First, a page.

Sunday, July 17, 2005

Darfur, Rwanda, Bosnia, and the Audacity of Hope...

Two weeks ago I finally got around to watching "Hotel Rwanda" and, as I was warned would happen numerous times, I was stunned. The barbarism of what occured there is unspeakable. The movies purpose was to document what occured, and, at least from my perspective, the sub-story was "How could the world stand by and watch such a tragedy occur?" We should have done something. Anything.

A few years ago I watched "Black Hawk Down." I knew little of what occured in Somalia until I saw the movie. One of the questions I remember raised from the movie was "How could the United States think that sending U.S. troops into that region would solve a conflict that had been brewing and perculating for many years.

I signed the petition online at because I believe the President and Congress should be pressured to do something, anything, to alleviate the suffering in Sudan. Although I do disagree with the wording of the petition that says..." We must demand that the U.S. government do everything necessary through the United Nations (UN) to ensure an urgent multinational intervention to protect civilians in Darfur." The United Nations? Did they watch "Hotel Rwanda?" Do they not know how impotent the U.N. is?

When I was younger I was 90% idealist-10% realist. Now the proportions have flip flopped. And as a result, I believe the only way, now that it is out of control, to stop the genocide in Sudan is for American soldiers with guns to go in there and blow the brains out of the bad guys. (I've been watching a lot of "Gunsmoke" this weekend.)

I love America. I think a lot of the ideas about the uniqueness of America is overplayed, but I do agree with this-- America is the only country founded not on common land or a common leader, but on an idea. The idea that all people are created equal and possess the rights, given by God, of life, liberty, and the pursuit of happiness. Of course it has taken us many years to get around to justly defining "all people," but we were founded on the idea nonetheless. Barach Obama (who, if he could convince me his belief that unborn, innocent life should be protected, would be my choice for president) called this idea "The audacity of hope."

Audacity-- Bold or insolent heedlessness of restraints, as of those imposed by prudence, propriety, or convention.

The "Audacity of Hope." How beautiful is that? All the patriotic songs ever written about America have that theme rolling like a mighty rushing river beneath and through them.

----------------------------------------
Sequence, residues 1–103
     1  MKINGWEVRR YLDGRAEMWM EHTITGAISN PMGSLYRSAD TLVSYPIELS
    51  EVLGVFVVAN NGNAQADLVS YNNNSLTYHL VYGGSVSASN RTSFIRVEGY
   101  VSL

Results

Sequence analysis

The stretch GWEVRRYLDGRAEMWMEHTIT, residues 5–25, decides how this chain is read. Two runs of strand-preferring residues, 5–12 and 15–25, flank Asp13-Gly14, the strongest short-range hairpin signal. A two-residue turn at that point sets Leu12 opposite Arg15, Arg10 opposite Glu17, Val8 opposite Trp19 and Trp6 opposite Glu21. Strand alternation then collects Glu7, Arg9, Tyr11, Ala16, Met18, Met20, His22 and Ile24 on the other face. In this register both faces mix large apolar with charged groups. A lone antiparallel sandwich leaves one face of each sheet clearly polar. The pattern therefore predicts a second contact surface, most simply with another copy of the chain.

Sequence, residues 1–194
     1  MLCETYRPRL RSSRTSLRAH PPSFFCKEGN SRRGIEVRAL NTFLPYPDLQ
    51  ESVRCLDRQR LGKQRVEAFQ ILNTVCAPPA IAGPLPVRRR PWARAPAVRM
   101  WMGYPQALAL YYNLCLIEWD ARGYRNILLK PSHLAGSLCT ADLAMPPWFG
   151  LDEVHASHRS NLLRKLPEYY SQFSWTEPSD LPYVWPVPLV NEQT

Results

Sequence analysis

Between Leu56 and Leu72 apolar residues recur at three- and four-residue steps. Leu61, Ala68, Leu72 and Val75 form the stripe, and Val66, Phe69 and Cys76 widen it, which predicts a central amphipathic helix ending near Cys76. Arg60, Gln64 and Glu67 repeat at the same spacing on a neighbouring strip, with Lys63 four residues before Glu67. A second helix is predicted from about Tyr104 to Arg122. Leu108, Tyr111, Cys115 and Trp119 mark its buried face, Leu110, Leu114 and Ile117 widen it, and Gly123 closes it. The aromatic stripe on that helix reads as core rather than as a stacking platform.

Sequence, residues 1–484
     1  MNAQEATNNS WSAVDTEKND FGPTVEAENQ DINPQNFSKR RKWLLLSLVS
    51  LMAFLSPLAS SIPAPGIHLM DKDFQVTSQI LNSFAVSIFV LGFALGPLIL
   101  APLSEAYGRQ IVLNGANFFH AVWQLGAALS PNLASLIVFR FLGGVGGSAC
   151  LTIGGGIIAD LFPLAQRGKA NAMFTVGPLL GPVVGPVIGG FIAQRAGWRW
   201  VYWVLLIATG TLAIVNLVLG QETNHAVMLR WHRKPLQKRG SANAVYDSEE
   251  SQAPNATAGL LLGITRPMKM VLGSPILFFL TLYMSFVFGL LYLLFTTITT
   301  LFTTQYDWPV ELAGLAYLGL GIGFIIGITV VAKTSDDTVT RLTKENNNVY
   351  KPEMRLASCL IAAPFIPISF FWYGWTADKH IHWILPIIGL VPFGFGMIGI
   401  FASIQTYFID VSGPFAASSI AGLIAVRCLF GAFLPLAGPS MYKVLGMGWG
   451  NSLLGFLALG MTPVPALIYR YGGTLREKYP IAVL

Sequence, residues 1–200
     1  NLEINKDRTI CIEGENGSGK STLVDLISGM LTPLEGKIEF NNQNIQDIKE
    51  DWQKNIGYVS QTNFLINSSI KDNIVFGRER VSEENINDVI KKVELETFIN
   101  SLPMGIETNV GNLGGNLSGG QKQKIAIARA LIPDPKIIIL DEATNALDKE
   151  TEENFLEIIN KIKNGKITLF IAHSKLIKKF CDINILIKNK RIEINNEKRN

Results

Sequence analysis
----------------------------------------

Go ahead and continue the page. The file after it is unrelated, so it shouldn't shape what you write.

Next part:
Unfortunately, that audacious belief in the hope of all people is generally only confined to immediate situations in American history. We have a tendency to overlook small wrongs and wait until they turn into large tragedies before we feel the need to act. We looked past the inequitable idealogy of our allies in the second world war only to allow it to escalate in the extermination of millions of people by the Soviet Union. We ignored the menace of Saddam Hussein, (even aided and abetted him,) until he had the nerve to invade another country. Then, after putting him back in his place, effectively ignored him for ten more years. We have ignored Africa for, well, forever, and only now are opening our eyes.

We are infected with "the audacity of hope." And I believe that is a wonderful thing. But we are also infected with the audacity of the immediate. Wait, wait, trouble is brewing.... here it comes, here it comes, OH NO! A GENOCIDE! DO SOMETHING!.

We should do something, anything. But after we do something, anything, let's consider this:

Churches who are banding their efforts to attempt to heal Africa should double their efforts in educating high school students in Jesus' preferential treatment for the poor, oppressed, and outcast. Any amount of money sent to Africa for AIDS/Poverty/Genocide relief should be matched and put into a "Prevention Account." There should be a scholarship set up for students who graduate from these churches who want to study international relations. We should target the type of kid who has the right balance of intellect, idealism, and realism. We should refuse to allow these students to go to any college that is two closely aligned to left-right type ideologies. (Berkely and Texas A&M are out) These students, upon graduation, should be willing to work shit jobs in the basements of the State Department and Pentagon, showing excellence in every menial task they perform, working their way up into career jobs that slowly, over time, shape U.S. policy into engagement with a dangerous world.

This should have happened many years ago. But it's easier, and less glamorous, to want to appear immediately heroic by putting out fires than to take the risk on audacious, long term, hope.

Random thoughts... I could be wrong, but it's what I'm thinking anyway.

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